# A Bessel-like integral

I encounter the following integral when trying to find the inverse Fourier transform of the characteristic function of a certain sum of random variables. Here, $$0\le\lambda\le1$$, $$p\ge0$$, $$q\ge0$$ are real, and $$n$$ is an integer. I want to compute the following integral:

$$\int_0^{2 \pi} e^{p \cos (\lambda \tau) + q \cos ((1 - \lambda) \tau)} \cos (n \tau) \frac{d \tau}{2 \pi}$$

This is a generalization of a Bessel integral, in that for $$q = 0$$ and $$\lambda=1$$, I know that:

$$\int_0^{2 \pi} e^{p \cos (\tau)}\cos (n \tau) \frac{d \tau}{2 \pi} =I_n(p)$$

where $$I_n(p)$$ is the modified Bessel function of the first kind.

This is not a complete answer, but it's a bit long to fit in a comment, so I'm posting it here in case it's useful to someone.

Let's denote:

$$I(p, q, \lambda; n) := \int_0^{2 \pi} e^{p \cos (\lambda \tau) + q \cos ((1 - \lambda) \tau)} \cos (n \tau) \frac{\mathrm d \tau}{2 \pi}$$

There's a symmetry in this integral of the form:

$$I(p, q, \lambda; n) = I(q, p, 1 - \lambda; n)$$

Also note that the integrand is even, i.e. $$f(-\tau) = f(\tau)$$.

Now, as mentioned in the OP, we have:

$$I(p, 0, 1; n) = I(0, p, 0; n) = I_n(p)$$

Actually, a slight generalization for $$q \neq 0$$ gives us:

$$I(p, q, 1; n) = I(q, p, 0; n) = e^q I_n (p)$$

Due to the symmetry property above, taking $$\lambda = 1/2$$ we actually obtain a rather simple result:

\begin{align*} I(p, q, \frac{1}{2}; n) =& I(q, p, \frac{1}{2}; n) = \frac{1}{2 \pi} \int_0^{2\pi} \mathrm d\tau\, e^{(p + q)\cos(\tau / 2)} \cos (n\, \tau)\\ =& \frac{1}{\pi} \int_0^{\pi} \mathrm dy\, e^{(p + q)\cos y} \cos (2\, n\, y) = I_{2n}(p + q) \end{align*}

A special case (probably of limited interest though) is $$q = 0$$, and $$\lambda = 1 / m$$, where $$m \in \mathbb N$$. Of course, if $$m = 1$$ or $$m = 2$$, we obtain the previous results, namely $$I_n(p)$$ and $$I_{2n}(p)$$, so we need to take $$m \geq 3$$ to obtain anything new. The integral can then be converted into the following form:

$$I(p, 0, 1/m; n) = \frac{m}{2 \pi} \int_0^{2 \pi / m} \mathrm dx\, e^{p \cos x} \cos (m\, n\, x)$$

Unfortunately, a general analytic solution doesn't seem likely. One value which seems to be solvable though is $$m = 4$$ (originally found by experimenting in Mathematica); in this case, we write the integral as:

$$I(p, 0, 1/4; n) = \frac{2}{\pi} \int_0^{\pi/2} \mathrm dx\, e^{p \cos x} \cos (4\, n\, x)$$

We can then use the $$n$$ angle expansion, so our integral turns into:

$$I(p, 0, 1/4; n) = \frac{2}{\pi} \sum\limits_{k\;\mathrm{even}} (-1)^\frac{k}{2} \begin{pmatrix}4 n\\ k\end{pmatrix} \int_0^{\pi/2} \mathrm dx\, e^{p \cos x}\, \cos^{4n - k} x\, \sin^k x$$

Let's focus on the integral in the above; using the fact that $$4 n - k := 2 \ell$$ is even, we can rewrite $$\cos^{2\ell} x = (1 - \sin^2 x)^\ell$$, expand this using the binomial theorem, and additionally expand $$e^u = \cosh u + \sinh u$$, so that our final result is a linear combination of integrals of the following form:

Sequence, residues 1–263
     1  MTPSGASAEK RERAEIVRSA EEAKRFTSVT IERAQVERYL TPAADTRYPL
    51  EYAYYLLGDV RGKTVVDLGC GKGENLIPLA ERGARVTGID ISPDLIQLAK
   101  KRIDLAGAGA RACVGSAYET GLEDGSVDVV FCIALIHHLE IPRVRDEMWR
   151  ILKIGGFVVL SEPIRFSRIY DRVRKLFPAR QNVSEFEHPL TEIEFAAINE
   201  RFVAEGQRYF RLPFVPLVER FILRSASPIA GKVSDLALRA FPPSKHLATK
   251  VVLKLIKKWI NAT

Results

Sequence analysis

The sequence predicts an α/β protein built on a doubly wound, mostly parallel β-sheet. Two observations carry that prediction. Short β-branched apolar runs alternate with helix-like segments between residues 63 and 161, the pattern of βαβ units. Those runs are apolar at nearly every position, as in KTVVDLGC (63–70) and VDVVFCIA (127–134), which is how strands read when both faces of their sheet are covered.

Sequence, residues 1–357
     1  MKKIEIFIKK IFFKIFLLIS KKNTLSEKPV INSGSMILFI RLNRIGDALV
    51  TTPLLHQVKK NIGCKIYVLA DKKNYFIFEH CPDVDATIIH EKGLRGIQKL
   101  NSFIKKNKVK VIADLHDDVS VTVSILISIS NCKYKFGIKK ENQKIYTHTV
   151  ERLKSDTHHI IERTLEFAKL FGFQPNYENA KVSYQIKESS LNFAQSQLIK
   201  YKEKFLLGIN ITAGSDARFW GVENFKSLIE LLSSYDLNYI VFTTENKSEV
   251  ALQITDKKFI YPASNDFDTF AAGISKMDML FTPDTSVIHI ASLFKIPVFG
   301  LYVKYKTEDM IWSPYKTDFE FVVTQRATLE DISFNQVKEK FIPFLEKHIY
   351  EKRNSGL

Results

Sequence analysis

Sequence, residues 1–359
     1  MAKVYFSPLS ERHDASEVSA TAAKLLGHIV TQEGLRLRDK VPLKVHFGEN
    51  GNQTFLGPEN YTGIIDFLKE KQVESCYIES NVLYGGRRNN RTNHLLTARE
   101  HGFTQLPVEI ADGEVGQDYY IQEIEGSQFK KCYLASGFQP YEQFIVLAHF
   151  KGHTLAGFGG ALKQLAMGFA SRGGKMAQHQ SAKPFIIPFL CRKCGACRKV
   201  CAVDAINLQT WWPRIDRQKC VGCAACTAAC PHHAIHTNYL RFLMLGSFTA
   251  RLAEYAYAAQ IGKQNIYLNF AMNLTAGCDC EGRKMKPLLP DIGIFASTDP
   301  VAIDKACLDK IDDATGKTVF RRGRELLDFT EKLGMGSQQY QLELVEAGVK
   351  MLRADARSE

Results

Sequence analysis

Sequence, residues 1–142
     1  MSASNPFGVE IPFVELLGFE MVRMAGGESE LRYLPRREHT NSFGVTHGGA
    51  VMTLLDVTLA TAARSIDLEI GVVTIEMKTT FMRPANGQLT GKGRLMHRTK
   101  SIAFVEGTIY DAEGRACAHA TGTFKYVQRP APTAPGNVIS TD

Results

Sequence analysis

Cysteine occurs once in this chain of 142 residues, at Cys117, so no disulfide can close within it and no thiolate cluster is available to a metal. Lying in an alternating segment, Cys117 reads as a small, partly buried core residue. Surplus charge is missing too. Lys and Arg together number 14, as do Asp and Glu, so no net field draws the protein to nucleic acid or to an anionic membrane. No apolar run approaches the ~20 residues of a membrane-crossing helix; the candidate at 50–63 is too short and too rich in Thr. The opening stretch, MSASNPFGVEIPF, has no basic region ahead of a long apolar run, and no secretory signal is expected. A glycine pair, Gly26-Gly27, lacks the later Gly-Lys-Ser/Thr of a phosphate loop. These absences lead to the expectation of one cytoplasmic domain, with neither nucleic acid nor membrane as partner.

$$\mathcal{I}(\alpha, p) = \int_0^{\pi/2} \mathrm dx\, \sinh(p \cos x)\, \sin^\alpha x\\ \mathcal{J}(\alpha, p) = \int_0^\pi \mathrm dx\, \cosh(p \cos x)\, \sin^\alpha x$$

for some integer values of $$\alpha$$. Note that the second integral has shifted limits, $$[0,\pi]$$, instead of $$[0,\pi/2]$$; this is because the integrand is actually symmetric around $$\pi/2$$, so we can write $$\int_0^{\pi/2}(\cdots) = \frac{1}{2} \int_0^\pi (\cdots)$$ (the easiest way to see this is to shift the origin to $$\pi/2$$, i.e. use the substitution $$x \rightarrow x - \pi / 2$$; then it's simple to demonstrate that $$f(-x) = f(x)$$, where $$f$$ denotes the integrand).

These kinds of integrals are known in the literature, see for instance Gradshteyn and Ryzhik, 7th ed., formulas 3.997.1 and 3.997.2:

$$\mathcal{I}(\alpha, p) = \frac{\sqrt \pi}{2} \left(\frac{2}{p}\right)^\alpha \Gamma\left(\frac{\alpha + 1}{2}\right) \mathbf{L}_\frac{\alpha}{2}(p)\\ \mathcal{J}(\alpha, p) = \sqrt \pi \left(\frac{2}{p}\right)^\alpha \Gamma\left(\frac{\alpha + 1}{2}\right) I_\frac{\alpha}{2}(p)$$

where $$I_\frac{\alpha}{2}$$ is the modified Bessel function of the first kind, and $$\mathbf{L}_\frac{\alpha}{2}$$ is the modified Struve function, see for instance DLMF, chapter 11.

The final result can be shown to be:

\begin{align*} I(p, 0, 1/4; n) =& \frac{2}{\pi} \sum\limits_{k\;\mathrm{even}} \sum\limits_{\ell=0}^{2n - k/2} \begin{pmatrix} 4n \\ k \end{pmatrix} \begin{pmatrix} 2n - k / 2 \\ \ell \end{pmatrix} (-1)^{2 n - \ell} \left[ \mathcal{I}(4n - 2\ell, p) + \frac{1}{2} \mathcal{J}(4n - 2\ell, p) \right] \end{align*}

Evidently, using the symmetry property, this automatically gives us $$I(0,p,3/4;n)$$ as well.

However, I haven't found anything which works for general $$m$$; while the procedure itself can more or less be repeated for any even $$m$$, the integrals $$\mathcal{I}$$ and $$\mathcal{J}$$ have different integration limits, which do not have any obvious representations in terms of special functions like the above.